I am moving more and more of my money into the fund If I come up with another good idea I will diversify

I analyse my portfolio on an annualised basis and after expenses (fund and wrapper expenses, investment spreads, trading commissions, withholding tax on some investments and deducted at source tax on savings interest). I ran a full analysis of my position only last week so have some data to share:

- Since the 05 January 2008 I've had a CAGR of 6.3%.

- More recently YTD I was up 3.1%.

Do you know how that compares to Fundsmith?

At a glance Fundsmith looks to be a world equity type fund so I would probably argue that my portfolio is significantly lower in risk. I track myself against a simple benchmark which is 68% (decreasing by 1% each year) FTSE 100 Total Return (Capital & Income) Index and 32% (increasing by 1% each year) iBoxx® Sterling Liquid Corporate Long-Dated Bond Total Return (Capital & Income) Index. This has been my performance since I went DIY against both this benchmark and the RPI:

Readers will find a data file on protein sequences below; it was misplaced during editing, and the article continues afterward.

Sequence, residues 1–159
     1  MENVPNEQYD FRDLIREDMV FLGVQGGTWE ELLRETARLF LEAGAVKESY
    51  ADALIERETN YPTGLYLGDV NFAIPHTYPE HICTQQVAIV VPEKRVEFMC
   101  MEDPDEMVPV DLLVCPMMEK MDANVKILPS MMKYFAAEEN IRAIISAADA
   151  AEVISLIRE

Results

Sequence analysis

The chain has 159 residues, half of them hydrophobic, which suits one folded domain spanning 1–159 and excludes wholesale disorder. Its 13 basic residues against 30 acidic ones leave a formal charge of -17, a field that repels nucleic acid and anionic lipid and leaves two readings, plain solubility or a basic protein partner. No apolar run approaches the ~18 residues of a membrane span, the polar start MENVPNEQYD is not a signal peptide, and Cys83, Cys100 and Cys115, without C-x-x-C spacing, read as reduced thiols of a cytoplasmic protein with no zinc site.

141011-3.png

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I'm getting a whisker over 5% with Zopa on five year lending.

But I'm also getting about 5% (give or take a few basis points) on short dated corporate bonds (5years or less to redemption) like Helical Bar, St Modwen, and Workspace. Thames Water, which I don't hold, actually pays 5.6% and as long as Thames Water doesn't go bust before the redemption date of April 2019 you get your money back. Plus if you need to get your money back even sooner you can liquidate with one call to your broker and no penalties, something that can't be said for P to P lending.

I don't intend closing my Zopa loans, but I'm increasingly feeling like short dated corporate bonds is a safer and more flexible alternative.

Edited by silver surfer

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I'm getting a whisker over 5% with Zopa on five year lending.